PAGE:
The confusion and instability the progressive movement has revealed, which makes it doubly necessary for us to build our own party as an independent power, is also the reason why we cannot adopt a sharp or hostile attitude toward it. It cannot be put into the same category with the Socialist Party, which carries on a systematic ideological war against us. The progressive movement, in spite of its glaring defects, represents a sound, healthy, honest impulse of hundreds of thousands of workers. It offers great possibilities for us, and it must be our aim to effect an alliance between it and the left wing whenever it is possible, and by careful, patient and friendly work to lead the progressive workers to the platform of Communism.

Part V. The Workers Party and Its Rivals

In my recent trip across the country I made inquiries in every locality as to the strength and influence of the various radical parties which are rivals to the Workers Party. The information I obtained in this way, supplementing the knowledge we already have as to their national influence in comparison with that of our party, enabled me to get a clear view of the actual situation. It can be summed up by this statement, which, in my opinion, is unquestionably true: the Workers Party is rapidly outstripping the whole field; it is going forward and its rivals are declining; in many places the other parties have become practically liquidated by the assimilation of their best elements into the Workers Party. The Workers Party is the only one that is showing any aggressiveness or driving power in the class struggle. It has already put itself at the head of militant rank and file movements locally as well as nationally. And these, of course, are the fundamental reasons why it is pushing its rivals to the wall.

There are not many consciously radical workers in America but there are very many radical organizations. The whole radical labor movement of America looks pitifully small in comparison with most of the European countries, but we can challenge any country in the world to show a greater number of radical and revolutionary organizations, factions, sects and cliques. Except for the Proletarian Party, which is a sectarian split-off from the Communist movement, our party is the youngest in the field. We are only four years old as a party. The Socialist Party is 23, the Industrial Workers of the World is 18, and the Socialist Labor Party is a middle-aged lady who doesn’t speak of her age anymore. The Proletarian Party, if we remember rightly, is three years old, but it is manifestly an abnormal child which sits listlessly in the library reading books which it doesn’t understand, and suffers from lack of exercise. It doesn’t seem to run and play enough to get the proper development.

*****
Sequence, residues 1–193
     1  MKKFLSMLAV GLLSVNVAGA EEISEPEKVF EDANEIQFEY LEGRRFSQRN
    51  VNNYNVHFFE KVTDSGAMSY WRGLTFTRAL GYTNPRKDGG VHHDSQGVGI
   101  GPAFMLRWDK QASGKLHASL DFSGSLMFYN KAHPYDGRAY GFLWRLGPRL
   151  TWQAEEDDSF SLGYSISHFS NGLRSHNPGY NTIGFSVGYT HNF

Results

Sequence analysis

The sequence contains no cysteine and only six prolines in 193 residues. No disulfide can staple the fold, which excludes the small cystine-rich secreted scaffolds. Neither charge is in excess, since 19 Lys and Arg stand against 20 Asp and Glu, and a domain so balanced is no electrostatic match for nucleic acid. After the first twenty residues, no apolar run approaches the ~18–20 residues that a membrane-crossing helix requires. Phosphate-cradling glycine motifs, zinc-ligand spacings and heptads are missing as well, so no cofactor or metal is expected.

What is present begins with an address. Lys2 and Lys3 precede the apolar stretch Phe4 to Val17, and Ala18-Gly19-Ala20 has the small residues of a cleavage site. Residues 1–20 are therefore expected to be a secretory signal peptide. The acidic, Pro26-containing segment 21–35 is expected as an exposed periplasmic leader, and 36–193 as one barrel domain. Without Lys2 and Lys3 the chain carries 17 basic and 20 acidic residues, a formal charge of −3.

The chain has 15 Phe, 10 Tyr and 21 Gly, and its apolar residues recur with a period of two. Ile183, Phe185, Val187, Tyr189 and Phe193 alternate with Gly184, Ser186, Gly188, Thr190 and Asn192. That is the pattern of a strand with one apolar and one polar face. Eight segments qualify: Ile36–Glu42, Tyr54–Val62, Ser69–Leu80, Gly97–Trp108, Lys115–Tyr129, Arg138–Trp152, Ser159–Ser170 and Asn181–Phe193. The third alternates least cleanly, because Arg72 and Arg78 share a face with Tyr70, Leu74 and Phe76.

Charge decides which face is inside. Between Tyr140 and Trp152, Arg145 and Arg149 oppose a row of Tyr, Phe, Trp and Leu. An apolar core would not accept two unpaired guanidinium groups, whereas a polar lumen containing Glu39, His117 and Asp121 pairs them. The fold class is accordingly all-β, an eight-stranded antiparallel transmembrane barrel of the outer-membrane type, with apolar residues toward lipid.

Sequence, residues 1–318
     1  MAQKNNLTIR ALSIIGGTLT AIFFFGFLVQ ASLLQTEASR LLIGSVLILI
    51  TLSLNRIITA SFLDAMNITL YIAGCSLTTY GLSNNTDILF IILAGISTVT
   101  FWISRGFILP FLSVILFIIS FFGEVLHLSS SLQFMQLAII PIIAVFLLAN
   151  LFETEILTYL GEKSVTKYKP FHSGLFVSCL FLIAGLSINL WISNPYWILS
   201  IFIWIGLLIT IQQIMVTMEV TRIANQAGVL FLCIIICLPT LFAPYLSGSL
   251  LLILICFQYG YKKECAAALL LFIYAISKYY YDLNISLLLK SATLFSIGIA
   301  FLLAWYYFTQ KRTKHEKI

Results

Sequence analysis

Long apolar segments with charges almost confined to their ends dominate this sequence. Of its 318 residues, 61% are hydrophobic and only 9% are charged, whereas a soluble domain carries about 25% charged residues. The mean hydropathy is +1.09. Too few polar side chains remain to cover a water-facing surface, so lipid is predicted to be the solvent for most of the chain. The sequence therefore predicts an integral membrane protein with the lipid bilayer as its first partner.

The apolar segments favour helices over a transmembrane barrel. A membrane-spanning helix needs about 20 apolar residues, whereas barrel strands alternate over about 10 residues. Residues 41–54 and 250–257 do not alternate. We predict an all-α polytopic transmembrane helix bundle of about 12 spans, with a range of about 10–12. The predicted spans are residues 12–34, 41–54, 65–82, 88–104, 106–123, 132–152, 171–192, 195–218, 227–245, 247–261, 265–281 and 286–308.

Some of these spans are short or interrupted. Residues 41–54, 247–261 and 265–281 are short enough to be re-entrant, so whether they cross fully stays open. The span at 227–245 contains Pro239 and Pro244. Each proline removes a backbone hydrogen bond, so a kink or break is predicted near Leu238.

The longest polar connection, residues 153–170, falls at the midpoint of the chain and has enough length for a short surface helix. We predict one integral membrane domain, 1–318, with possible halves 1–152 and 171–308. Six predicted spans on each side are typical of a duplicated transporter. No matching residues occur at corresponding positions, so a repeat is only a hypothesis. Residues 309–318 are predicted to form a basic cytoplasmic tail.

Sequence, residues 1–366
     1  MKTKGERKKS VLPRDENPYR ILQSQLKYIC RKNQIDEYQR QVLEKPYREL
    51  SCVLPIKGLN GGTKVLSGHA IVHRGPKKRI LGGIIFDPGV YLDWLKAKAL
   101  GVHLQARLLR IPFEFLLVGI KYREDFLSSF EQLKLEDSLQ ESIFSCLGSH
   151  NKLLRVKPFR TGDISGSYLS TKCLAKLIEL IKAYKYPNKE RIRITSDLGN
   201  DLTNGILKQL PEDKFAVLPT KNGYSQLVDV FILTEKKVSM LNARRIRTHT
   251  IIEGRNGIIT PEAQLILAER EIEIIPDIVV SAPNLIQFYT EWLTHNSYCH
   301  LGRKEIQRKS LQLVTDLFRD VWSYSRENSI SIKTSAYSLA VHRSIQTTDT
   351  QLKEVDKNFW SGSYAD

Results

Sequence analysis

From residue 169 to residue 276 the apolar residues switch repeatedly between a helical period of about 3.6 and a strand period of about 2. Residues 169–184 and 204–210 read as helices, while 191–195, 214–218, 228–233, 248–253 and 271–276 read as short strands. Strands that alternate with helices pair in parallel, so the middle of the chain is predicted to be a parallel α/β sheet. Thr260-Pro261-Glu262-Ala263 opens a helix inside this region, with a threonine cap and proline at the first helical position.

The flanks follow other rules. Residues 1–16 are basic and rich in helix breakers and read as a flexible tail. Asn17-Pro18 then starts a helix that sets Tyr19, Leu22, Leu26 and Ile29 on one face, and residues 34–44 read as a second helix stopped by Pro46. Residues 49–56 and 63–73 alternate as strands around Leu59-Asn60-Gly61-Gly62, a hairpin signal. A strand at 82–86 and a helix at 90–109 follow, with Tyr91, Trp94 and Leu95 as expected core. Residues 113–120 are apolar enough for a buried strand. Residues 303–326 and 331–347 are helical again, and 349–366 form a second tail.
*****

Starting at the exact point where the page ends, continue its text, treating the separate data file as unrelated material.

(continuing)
These bodies are not much given to agreeing with anybody about anything, but they all agree with each other that the Workers Party is no good. They have a united front on that issue. Those who used to spend most of their energy fighting each other now center their main fire on us, and, strangely enough, they all use pretty much the same arguments and accusations.

As a revolutionary party which aims to represent the entire class interests of the proletariat, our real fight is against the capitalists and the capitalist government first, and next against the agents of the capitalists in the labor movement—the Gompers machine. But in marshaling the revolutionary workers for this fight against the class enemies of the proletariat we have to insist on sound revolutionary policies and principles; otherwise the fight would not be successful. These rival radical parties who espouse false doctrines have only a harmful effect on the movement. To the extent that they have influence they create divisions in the ranks of the class-conscious workers and introduce confusion into the struggle. This brings us into collision with them. Our fight against them is a fight against division and confusion.

The Collapse of the Socialist Party

I was especially struck by the obvious moral and organizational collapse of the Socialist Party. The fight with it in New York City, where it is still entrenched in the needle trades unions and buttressed on a number of property institutions in its control, has a tendency to give us an astigmatic view of its real status. In the country at large it has practically ceased to exist as a vigorous rank and file movement. The young blood has left it and joined the Communists, many thousands have quit the movement, and only a handful of tired old men hold the fort here and there for the Socialist Party, talking about the past but doing very little today.